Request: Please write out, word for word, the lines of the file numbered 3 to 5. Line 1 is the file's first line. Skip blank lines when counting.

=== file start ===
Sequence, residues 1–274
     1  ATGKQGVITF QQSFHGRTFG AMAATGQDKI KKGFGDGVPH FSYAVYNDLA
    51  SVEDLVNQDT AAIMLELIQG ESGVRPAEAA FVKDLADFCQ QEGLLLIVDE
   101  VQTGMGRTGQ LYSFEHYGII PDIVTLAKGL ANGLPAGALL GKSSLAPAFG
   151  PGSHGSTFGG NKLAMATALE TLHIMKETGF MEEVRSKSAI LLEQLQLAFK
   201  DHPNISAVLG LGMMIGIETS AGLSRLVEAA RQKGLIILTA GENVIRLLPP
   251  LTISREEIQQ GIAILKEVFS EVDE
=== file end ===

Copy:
    51  SVEDLVNQDT AAIMLELIQG ESGVRPAEAA FVKDLADFCQ QEGLLLIVDE
   101  VQTGMGRTGQ LYSFEHYGII PDIVTLAKGL ANGLPAGALL GKSSLAPAFG
   151  PGSHGSTFGG NKLAMATALE TLHIMKETGF MEEVRSKSAI LLEQLQLAFK